The true showstopper of the 2024 Emmys was Nash. After winning her first Primetime Emmy for outstanding supporting actress in a limited series for “Dahmer,” she gave an awe-inspiring speech – you’ve probably seen it all over social media by now. What made the moment so special is that it wasn’t about an outside force recognizing her star power; she did that herself. “I want to thank me – for believing in me and doing what they said I could not do. And I want to say to myself in front of all these beautiful people, ‘Go on girl with your bad self. You did that,'” she told the crowd. It was beautiful to see Nash unapologetically celebrating herself, especially after the incredible work she has put into her almost three-decade-long career.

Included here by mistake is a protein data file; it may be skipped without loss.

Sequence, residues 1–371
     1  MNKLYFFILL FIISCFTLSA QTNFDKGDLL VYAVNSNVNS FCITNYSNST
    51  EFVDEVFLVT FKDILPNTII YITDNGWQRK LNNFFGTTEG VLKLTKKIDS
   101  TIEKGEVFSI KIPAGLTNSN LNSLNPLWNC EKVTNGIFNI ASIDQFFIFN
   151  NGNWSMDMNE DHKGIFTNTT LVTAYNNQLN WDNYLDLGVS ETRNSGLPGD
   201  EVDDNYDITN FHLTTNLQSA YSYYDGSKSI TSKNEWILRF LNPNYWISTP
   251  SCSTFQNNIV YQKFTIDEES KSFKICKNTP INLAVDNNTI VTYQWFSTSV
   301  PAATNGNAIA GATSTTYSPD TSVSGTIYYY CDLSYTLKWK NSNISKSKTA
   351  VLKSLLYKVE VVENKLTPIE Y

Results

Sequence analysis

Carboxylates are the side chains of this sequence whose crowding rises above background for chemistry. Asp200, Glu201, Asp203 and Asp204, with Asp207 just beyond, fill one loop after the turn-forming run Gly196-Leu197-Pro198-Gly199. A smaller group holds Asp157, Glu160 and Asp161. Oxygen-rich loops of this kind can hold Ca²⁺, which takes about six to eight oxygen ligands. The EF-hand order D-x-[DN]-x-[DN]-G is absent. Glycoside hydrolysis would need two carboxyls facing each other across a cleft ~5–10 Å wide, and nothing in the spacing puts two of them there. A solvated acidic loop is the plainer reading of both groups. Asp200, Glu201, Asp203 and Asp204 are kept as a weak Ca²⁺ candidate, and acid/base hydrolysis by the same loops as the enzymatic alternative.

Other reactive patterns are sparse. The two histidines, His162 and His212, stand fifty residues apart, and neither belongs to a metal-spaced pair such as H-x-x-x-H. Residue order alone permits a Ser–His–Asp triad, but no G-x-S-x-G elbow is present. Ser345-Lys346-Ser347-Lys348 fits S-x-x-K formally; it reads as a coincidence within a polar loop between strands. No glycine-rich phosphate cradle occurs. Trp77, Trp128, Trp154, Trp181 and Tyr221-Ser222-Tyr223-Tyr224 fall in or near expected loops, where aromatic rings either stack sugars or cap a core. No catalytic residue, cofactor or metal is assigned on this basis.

She continued to accept the award on behalf of “every Black and Brown woman who has gone unheard yet overpoliced. Like Glenda Cleveland. Like Sandra Bland. Like Breonna Taylor.” Seeing Nash highlight self-love so boldly while also acknowledging the trauma that Black women in America deal with daily was incredibly poignant, and paved the way for what I hope we see more of in the entertainment industry.

“Slowly but surely, Black women are receiving their flowers.”

Looking ahead to February, we are kicking off Black History Month with the Grammys on Feb. 4 and the BAFTAs on Feb. 18. The Oscars have already come under fire for snubbing Black women, including leaving out Ava DuVernay in the director’s category for “Origin” and Fantasia Barrino and Taraji P. Henson for their roles in “The Color Purple.” But for now, I’m focusing on the monumental year we’ve already had and the celebrations that could come – specifically during the Grammys. My focus will be on Coco Jones, Victoria Monét, SZA, and Halle Bailey; these four powerhouse musicians are bound to dominate this year.